Acid Rain:

Federal Research Into Effects on Waters and Forests

RCED-86-7: Published: Dec 17, 1985. Publicly Released: Feb 20, 1986.

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In response to a congressional request, GAO: (1) discussed the status and future direction of the National Acid Precipitation Assessment Program's research to determine acid rain's effects on lakes, streams, and forests; and (2) provided information on funding the program's research effort.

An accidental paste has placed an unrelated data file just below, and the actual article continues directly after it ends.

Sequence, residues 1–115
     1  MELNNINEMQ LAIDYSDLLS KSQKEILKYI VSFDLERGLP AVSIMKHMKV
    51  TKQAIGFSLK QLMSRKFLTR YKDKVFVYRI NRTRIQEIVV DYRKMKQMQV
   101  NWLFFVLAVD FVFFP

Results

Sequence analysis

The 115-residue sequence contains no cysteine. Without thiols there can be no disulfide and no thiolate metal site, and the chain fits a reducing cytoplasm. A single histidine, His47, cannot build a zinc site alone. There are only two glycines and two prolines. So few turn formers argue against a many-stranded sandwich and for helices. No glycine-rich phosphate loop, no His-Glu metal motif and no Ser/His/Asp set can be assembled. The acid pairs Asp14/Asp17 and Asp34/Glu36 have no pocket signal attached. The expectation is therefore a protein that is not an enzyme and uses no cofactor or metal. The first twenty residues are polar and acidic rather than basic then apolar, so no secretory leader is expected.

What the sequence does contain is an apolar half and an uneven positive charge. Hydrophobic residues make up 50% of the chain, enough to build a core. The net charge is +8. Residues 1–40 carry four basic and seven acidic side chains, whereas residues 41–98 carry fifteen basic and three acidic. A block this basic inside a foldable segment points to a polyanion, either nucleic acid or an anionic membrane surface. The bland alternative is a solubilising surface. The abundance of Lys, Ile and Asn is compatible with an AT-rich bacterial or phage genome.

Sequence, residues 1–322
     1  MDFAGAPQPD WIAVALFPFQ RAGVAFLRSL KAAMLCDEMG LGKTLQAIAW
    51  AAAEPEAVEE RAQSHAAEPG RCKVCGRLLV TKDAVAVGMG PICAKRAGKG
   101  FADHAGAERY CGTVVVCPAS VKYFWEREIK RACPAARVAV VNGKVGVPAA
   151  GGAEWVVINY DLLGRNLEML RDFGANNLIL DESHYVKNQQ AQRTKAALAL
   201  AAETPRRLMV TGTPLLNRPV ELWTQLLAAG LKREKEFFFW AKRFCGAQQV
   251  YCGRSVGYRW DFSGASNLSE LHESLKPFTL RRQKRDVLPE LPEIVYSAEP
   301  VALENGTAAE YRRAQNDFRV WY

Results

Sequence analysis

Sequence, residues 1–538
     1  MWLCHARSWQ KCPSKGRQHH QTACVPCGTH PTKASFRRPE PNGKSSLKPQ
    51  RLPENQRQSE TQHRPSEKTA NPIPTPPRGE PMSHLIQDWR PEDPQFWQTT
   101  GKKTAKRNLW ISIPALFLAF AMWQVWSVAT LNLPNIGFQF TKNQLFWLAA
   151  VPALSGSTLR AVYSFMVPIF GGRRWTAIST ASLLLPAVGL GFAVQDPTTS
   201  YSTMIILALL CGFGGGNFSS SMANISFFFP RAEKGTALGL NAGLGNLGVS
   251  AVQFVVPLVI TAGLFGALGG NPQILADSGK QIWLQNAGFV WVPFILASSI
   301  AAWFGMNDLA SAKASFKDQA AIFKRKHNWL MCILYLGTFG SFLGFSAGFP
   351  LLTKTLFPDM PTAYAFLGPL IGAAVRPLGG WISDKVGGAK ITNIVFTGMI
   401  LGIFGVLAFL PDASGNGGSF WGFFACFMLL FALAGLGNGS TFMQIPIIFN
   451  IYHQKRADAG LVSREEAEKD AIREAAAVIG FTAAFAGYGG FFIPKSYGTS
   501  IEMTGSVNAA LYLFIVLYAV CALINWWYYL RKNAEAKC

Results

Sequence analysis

GAO found that: (1) research directed at identifying the adverse effects of acid rain on lakes and streams included 81 projects at the end of fiscal year (FY) 1985; (2) initial task force analyses of research results indicate that certain lakes in the eastern states are acidic; (3) survey results on the condition of western lakes and eastern streams are not expected until late 1986; (4) a study of which eastern watersheds will protect waters from future acidification is due to be completed in December 1986; (5) estimates of fish population losses based on existing state agency data show that 400 to 500 Adirondack lakes can no longer sustain certain fish species; (6) the full extent of fish losses that can be attributed to acid deposition and the conditions under which such losses occur are not fully known; (7) a second phase of the water survey to determine the presence or absence of fish in acidic lakes will begin in the spring of 1986; (8) research directed at identifying the adverse effects of acid deposition on forests included 17 projects at the end of FY 1985; (9) it is estimated that the extent of forest decline and acid rain's role in forest change will not be known for 5 or more years; and (10) acid deposition research funding has increased from $29 million in FY 1984 to $65 million in FY 1985, and about 51 percent of this funding is slated for work on water and forest research.